Key takeaway: It’s hard to dispute this one. Reviews matter. In fact, 92% of consumers read online reviews. The good news is that an awesome tour and great customer service usually do the trick. If you’re looking for a little more advice, check out our interview with TripAdvisor’s 2015, #2 tour in the country, Real New York Tours. Or, if you’re with the 40% of tour operators that find SEM (search engine marketing) to be a highly effective marketing channel, take a minute to read over these essential AdWords tips.

  • In the US, an average of 40% of customers are domestic travelers, 31% are international travelers and 28% are local residents.

Key takeaway: When it comes to local travelers, US-based tour operators receive an average of about 20% more traffic than the rest of the world. Put that data to work by shifting some of your marketing focus to people looking to explore their own backyard. Register with local business directories, add neighborhood discounts to your site and target locals with digital ad spend and copy.

  • Only 13% of reservations from distribution partners are made via real-time connectivity.

Key takeaway: If you’re already partnering with FareHarbor, you should love this statistic – it means you’re ahead of the curve. With FareHarbor Connect, you’re already able to accept real-time bookings from our network of third-party distributors. Bookings from Viator and Expedia Local Expert flow directly into your Dashboard, no manual work needed. (And if you’re not already taking full advantage of our partner network, just get in touch.)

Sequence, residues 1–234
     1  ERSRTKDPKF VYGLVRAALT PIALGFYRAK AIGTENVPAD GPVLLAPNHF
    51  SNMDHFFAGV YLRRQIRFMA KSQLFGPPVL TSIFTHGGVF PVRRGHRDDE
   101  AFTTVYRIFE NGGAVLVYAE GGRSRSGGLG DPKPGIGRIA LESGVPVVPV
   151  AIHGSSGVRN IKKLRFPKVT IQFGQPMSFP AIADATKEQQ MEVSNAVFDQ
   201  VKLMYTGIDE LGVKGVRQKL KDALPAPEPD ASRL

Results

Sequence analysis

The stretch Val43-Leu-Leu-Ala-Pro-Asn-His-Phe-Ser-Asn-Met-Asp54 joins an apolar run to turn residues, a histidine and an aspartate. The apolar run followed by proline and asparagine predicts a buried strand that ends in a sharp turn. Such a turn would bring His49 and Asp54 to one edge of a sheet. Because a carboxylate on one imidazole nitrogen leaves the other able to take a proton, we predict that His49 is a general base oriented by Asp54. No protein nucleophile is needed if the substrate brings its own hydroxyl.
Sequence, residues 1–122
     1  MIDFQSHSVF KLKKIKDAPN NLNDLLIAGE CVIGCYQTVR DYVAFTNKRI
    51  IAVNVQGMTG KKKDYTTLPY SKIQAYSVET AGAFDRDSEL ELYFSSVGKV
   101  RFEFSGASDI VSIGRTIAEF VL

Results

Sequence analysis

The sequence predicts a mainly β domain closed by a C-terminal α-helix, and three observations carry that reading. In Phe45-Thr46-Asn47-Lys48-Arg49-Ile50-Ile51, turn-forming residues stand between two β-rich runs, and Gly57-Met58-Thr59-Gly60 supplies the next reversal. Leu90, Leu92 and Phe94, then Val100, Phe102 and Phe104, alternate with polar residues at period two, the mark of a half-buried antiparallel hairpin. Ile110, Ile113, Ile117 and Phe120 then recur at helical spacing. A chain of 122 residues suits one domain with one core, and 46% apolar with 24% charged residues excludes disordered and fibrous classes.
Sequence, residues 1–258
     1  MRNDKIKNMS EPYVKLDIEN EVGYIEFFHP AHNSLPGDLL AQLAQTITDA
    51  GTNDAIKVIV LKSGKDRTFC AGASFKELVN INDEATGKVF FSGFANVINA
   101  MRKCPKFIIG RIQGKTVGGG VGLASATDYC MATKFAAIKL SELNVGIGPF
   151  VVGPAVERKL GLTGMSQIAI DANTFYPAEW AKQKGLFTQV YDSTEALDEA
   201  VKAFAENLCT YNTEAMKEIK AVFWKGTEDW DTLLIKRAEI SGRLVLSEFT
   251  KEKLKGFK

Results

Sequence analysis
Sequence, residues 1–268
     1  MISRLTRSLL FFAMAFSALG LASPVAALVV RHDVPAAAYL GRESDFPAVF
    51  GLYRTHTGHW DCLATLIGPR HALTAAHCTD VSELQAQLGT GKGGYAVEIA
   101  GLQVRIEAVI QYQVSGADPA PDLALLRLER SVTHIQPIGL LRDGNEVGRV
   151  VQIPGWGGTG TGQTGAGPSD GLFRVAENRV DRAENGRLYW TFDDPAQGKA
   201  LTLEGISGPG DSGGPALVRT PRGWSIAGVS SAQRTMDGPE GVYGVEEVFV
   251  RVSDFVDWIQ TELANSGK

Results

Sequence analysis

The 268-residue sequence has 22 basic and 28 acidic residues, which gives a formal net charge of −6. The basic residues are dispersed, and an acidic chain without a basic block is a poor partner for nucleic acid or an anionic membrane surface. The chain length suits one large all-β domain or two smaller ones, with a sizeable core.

Although we’ve only covered a fraction of the data covered by the Phocuswright report, it’s clear that the future of tours & activities is bright. Of course, we’ve always believed that, but we’re excited to finally have trusted data to prove it.

Now that we have had an inside look at the industry – past, present and future – let’s put the data to work.

All data sourced from Phocuswright’s Global Travel Activities 2014-2020: Tours & Attractions Come of Age

Tour and Activity Businesses: Make 2017 Your Best Year Yet

The New Year is officially in full swing, meaning there’s no better time to put your 2017 goals into action. To help you decide exactly what those goals should be, we asked a few people from our team to weigh in on how business owners can ensure this year is one of their strongest years yet. Here’s what they came up with.

Get your site the green HTTPS lock.

green lock Especially on websites where a transaction is being made, customers are learning to look for the green HTTPS lock at the top of their browser. This lock is enabled by a form of security technology called SSL (Secure Sockets Layer). While the FareHarbor booking process is 100% secure without the addition of SSL to your site, it acts as a visual indicator that your business is a trusted online merchant.

On top of building trust, adding SSL to your site can help boost your search engine optimization efforts. Much like your customers, Google has learned to trust sites that have added SSL and tends to rank them more highly.

Is your site missing the green lock? Adding SSL to your website is a simple process that can be easily be done with the help of your web developer or through your hosting management. If you are a FareHarbor client, you can read up on website security and adding SSL here.

Collect more reviews.

review express

Research shows that 92% of consumers read online reviews, and 90% say their buying decisions are influenced by what they read. By these numbers, nearly your entire online customer base depends on reviews of your business to help them decide to book.